1. Income and sales tax refunds should be issued without application within 60 days of their becoming due. There should be automatic payment of compensation if any refund is issued after 60 days.
  2. The officer responsible for incurring compensation should be made liable to pay the amount from his salary.
  3. There should be zero tax regime for exporters to avoid refund accumulation.
  4. The recovery should be only after the decision of the Tribunal and not before. Bank accounts should not be attached without prior notice to the taxpayer and after seeking approval in writing of Commissioner in the light of reply submitted by the taxpayer.
  1. Independent Tax Justice System

The main reason behind the reluctance of ordinary people to file tax returns and submit their record for scrutiny is due to lack of faith in FBR and the justice system. A reliable tax judiciary ensures that demands arising out of legitimate tax assessments are collected expeditiously. As long as there is a pending litigation in relation to a particular tax levy, there is a natural, and quite understandable, desire on the taxpayer’s part not to pay the disputed amount. An efficient tax judiciary resolves disputes quickly, quashes demands which are not legally sustainable, and thus segregates serious tax demands from the frivolous ones. This in turn ensures that taxpayers cannot resort to dilatory tactics for paying these genuine and legitimate tax demands which have received judicial approval. A good tax judiciary thus helps removing impediments from collection of genuine tax demands by the State, which, once again, results in greater resource mobilisation. For making tax justice system effective and independent, it is imperative to:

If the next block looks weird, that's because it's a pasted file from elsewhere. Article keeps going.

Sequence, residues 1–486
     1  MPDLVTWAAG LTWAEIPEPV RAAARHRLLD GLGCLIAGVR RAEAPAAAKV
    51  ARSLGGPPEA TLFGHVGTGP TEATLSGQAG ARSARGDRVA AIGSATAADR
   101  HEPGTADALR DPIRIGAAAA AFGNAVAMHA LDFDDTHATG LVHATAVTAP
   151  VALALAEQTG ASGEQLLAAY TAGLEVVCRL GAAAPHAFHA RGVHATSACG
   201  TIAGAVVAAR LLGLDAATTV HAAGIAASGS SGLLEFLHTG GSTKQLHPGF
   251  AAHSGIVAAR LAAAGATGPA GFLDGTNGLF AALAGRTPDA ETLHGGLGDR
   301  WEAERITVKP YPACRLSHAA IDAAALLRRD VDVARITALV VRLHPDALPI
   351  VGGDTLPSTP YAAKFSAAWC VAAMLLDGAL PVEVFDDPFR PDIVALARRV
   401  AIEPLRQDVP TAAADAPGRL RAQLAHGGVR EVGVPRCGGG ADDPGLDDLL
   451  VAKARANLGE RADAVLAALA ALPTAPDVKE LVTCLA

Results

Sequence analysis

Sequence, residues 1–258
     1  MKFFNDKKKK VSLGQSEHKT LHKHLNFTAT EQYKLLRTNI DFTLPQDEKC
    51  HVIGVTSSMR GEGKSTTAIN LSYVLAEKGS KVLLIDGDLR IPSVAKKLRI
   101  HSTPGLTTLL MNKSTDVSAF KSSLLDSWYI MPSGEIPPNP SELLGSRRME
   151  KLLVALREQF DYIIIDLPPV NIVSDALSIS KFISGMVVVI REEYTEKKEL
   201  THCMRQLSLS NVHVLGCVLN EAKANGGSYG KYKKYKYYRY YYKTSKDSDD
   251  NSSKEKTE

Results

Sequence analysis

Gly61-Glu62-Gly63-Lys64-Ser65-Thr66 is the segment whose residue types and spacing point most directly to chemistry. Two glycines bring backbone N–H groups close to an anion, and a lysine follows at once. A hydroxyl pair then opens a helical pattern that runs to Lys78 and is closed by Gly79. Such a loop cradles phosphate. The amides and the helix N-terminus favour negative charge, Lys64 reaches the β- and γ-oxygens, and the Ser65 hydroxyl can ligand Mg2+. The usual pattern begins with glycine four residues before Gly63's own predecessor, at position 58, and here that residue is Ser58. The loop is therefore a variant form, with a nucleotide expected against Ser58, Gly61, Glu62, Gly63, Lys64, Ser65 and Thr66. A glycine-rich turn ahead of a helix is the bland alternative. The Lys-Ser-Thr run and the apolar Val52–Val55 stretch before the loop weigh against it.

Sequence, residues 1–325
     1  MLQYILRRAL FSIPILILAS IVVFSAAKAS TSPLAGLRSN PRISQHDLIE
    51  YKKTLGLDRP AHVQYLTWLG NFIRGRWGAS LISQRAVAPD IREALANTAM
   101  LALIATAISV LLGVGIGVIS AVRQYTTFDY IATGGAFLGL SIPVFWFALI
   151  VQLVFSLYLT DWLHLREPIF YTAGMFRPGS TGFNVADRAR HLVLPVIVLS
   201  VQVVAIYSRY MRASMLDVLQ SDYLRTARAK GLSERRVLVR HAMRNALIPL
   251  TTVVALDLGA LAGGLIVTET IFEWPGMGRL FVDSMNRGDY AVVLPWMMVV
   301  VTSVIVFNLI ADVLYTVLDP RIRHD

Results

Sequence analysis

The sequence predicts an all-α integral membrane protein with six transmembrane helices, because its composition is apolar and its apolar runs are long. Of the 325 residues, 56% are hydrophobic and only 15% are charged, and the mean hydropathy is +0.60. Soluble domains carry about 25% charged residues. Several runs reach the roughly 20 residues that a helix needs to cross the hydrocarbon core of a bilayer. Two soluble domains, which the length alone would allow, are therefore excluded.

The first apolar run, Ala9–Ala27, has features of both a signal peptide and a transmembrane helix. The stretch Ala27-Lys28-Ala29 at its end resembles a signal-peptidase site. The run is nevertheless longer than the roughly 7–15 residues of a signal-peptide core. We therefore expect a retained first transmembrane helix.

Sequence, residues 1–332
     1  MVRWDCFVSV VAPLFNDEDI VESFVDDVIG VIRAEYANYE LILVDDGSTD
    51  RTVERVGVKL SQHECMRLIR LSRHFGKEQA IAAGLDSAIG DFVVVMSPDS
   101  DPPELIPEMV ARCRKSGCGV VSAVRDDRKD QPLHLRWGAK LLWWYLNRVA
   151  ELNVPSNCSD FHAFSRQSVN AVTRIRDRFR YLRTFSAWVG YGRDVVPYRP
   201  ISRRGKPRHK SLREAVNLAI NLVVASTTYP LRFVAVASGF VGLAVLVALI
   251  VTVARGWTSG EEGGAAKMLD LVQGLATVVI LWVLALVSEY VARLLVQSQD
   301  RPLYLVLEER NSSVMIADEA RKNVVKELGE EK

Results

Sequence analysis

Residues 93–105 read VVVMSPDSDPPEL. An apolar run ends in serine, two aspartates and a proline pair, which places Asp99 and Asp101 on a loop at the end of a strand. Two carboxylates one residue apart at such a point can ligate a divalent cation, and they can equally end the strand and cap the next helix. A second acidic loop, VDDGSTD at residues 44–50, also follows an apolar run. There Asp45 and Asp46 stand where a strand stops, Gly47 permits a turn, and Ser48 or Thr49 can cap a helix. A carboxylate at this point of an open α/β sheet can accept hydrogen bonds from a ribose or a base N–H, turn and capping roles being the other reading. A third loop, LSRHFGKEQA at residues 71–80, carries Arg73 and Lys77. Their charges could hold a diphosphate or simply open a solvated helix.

1. Replace the existing 4-tier appeal system under the tax laws—direct and indirect—with two-tier system. The Customs Tribunal and Appellate Tribunal Inland Revenue should be merged into singular National Tax Tribunal. Like the Services Tribunal this should work under direct supervision of the Supreme Court. Appeals against its decisions should go directly to the Supreme Court.
  2. Members for National Tax Tribunal should be recruited in the same manner as judges of High Court.  The salary structure of Chairman, members and staff of Tribunal should be at par with the Judges and staff of the high courts.


The writers, lawyers and partners in Huzaima, Ikram & Ijaz, are Adjunct Faculty at Lahore University of Management Sciences (LUMS).